What’s Up Next?
(Courtesy of Holger Motzkau)
April 2017 ~ On Being All Ears
(& the Dynamism of Universal Human Needs)
A jest’s prosperity lies in the ear
Of him that hear it, never in the tongue
Of him that makes it…
Courtesy of Irina Polikanova (via Wikimedia Commons)
How do you speak into the listening of others?
Practice: Write down a stimulus, as an observation, and then notice how your interpretation morphs as you journal four differing evaluative contexts (of jackal/giraffe ears, both outward/in).
Handout for Sunday’s tele-practice group:
Communication Flow Chart (2nd page)
&/or Jackal/Giraffe Ears – Four Choices
(Building on our experimentation with strengths & learning/growing edges, we’ll continue to explore the NVC skills which might help transfigure — Strength/Edge_Worksheet — the listening context that we lend, both to ourselves and others.)
Anubis mask (courtesy of Wikimedia Commons)
Thich Nhat Hahn:
We need someone to be able to listen to us and to understand us. Then, we will suffer less. But everyone is suffering, and no one wants to listen.
Four Choices When Hearing a Difficult Message
Judgmental (Jackal) Ears Out
Blame or Criticize the other person
“It’s your fault.”
(Voice of Anger)
Judgmental (Jackal) Ears In
Blame or criticize yourself
“It’s my fault.”
(Voice of Guilt, Shame, Depression)
Generative (Giraffe) Ears In
Connect to your internal experience
“I’m feeling__________ because I need/value____________.”
(Voice of Self-Empathy)
Generative (Giraffe) Ears Out
Connect to the underlying cause of the other’ s communication
“Are you feeling________ because you value/need____________?”
(Voice of Empathy)
|FYI ~ Here is a link to the recording from “Recovering from Reactivity” (utilizing the giraffe/jackal ears handout: Four Choices.pdf) via a free webinar courtesy of Jim & Jori Manske|
“Papilio polymnestor-Kadavoor-2016-07-27-002” © Jee & Rani Nature Photography is used here under a Creative Commons Attribution-ShareAlike 4.0 International License – Life cycle of Papilio machaon
For as Thich Nhat Hahn reminds us:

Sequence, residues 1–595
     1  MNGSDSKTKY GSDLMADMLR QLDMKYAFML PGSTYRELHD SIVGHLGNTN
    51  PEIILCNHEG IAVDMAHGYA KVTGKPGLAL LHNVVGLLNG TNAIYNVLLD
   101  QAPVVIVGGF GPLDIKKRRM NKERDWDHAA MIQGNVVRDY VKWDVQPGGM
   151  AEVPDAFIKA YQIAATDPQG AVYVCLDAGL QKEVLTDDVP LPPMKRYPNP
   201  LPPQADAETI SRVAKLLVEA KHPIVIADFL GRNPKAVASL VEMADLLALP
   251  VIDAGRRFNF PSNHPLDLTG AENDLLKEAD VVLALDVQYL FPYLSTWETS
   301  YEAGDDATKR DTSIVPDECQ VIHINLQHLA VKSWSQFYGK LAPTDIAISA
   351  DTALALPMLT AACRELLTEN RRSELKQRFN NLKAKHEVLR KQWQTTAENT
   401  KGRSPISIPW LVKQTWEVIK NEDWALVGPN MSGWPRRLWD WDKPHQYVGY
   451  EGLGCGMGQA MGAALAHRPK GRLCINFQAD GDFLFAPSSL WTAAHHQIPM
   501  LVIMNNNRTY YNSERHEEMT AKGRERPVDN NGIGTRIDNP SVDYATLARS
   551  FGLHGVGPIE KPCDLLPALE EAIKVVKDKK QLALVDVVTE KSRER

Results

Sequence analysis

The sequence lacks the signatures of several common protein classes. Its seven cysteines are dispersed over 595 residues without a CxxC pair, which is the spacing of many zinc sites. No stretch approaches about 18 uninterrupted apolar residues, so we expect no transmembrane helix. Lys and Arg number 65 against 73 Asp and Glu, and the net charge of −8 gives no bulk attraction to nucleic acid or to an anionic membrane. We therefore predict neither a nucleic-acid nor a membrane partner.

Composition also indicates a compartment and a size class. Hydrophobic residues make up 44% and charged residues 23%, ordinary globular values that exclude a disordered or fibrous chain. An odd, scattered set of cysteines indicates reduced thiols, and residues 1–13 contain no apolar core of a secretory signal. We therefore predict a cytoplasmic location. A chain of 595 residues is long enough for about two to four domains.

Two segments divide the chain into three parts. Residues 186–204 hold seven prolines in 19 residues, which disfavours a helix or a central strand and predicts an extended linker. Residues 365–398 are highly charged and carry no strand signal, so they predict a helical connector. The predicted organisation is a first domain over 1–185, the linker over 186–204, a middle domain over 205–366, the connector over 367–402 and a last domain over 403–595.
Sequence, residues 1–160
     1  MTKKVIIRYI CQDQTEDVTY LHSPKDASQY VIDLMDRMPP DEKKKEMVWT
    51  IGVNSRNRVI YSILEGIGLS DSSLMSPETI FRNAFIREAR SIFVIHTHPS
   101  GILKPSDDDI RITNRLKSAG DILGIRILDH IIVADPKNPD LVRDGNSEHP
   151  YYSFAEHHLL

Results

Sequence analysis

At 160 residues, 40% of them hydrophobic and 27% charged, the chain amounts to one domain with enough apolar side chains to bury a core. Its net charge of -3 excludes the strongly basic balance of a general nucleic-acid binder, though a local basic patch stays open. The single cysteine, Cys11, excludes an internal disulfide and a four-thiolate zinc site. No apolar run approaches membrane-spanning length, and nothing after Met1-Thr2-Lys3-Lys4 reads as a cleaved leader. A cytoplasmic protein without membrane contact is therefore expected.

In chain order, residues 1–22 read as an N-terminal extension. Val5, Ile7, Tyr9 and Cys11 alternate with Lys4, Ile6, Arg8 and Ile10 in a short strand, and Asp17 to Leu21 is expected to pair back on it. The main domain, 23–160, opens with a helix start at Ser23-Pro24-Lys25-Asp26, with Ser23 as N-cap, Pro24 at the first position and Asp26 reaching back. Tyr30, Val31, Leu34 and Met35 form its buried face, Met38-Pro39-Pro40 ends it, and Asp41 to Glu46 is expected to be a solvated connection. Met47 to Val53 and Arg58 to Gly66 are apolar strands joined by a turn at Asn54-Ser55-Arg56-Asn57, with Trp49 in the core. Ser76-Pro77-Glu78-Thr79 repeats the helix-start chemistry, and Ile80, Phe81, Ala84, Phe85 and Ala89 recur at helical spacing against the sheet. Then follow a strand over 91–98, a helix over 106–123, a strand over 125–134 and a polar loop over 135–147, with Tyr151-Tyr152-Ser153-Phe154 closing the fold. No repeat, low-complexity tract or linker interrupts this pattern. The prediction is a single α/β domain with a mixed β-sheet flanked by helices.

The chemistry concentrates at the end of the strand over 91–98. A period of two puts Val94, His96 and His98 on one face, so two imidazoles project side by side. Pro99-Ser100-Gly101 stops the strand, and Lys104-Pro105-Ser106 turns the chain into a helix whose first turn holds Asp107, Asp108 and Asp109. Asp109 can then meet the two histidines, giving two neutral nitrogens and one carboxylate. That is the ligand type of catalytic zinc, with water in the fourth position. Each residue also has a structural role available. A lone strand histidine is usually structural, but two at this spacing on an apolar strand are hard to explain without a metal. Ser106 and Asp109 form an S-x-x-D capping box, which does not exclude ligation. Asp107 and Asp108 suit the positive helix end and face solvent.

Listening is a very deep practice… you have to empty yourself. You have to leave space in order to listen… especially to people we think are our enemies — the ones we believe are making our situation worse. When you have shown your capacity for listening and understanding, the other person will begin to listen to you, and you have a chance to tell him or her of your pain, and then it’s your turn to get healed. This is the practice of peace.
|From the book, The Power of Kindness by Piero Ferrucci, which begins a chapter on empathy with this instrumental analogy:|
“Although I am not a musician, I once had the opportunity to hold in my hands an exquisitely made violin dating to the eighteenth century. What amazed me, even more than its harmonious lines or the beautiful grain of its wood, was that, holding it, I could feel it vibrate. It was not an inert object. It resonated with the various sounds that happened to resonate around it: another violin, a tram passing in the street, a human voice. If you hold an ordinary, factory-made violin, that just doesn’t happen. There can be hundreds of sounds around it and the violin remains numb. In order to obtain that fine sensitivity and extraordinary resonance of the old violin, the makers had to had an exceptional knowledge of wood and its seasoning; they were supported by the artisan tradition of generations, and they were endowed with the talent of cutting the wood and furnishing the instrument. This marvelous responsiveness is an active virtue. It is the capacity of the violin to enter into resonance, and it goes hand in hand with its capacity to create sound of extraordinary quality — music with a soul, able to move and to inspire. We human are, or at least can be, like that violin.”
The “invisible foot” ensures us that in a free-market … economy each person pursuing only his own good will automatically, and most efficiently, do his part in maximizing the general public misery. ” ~ E. K. Hunt
“We have two ears and one mouth so that we can listen twice as much as we speak.”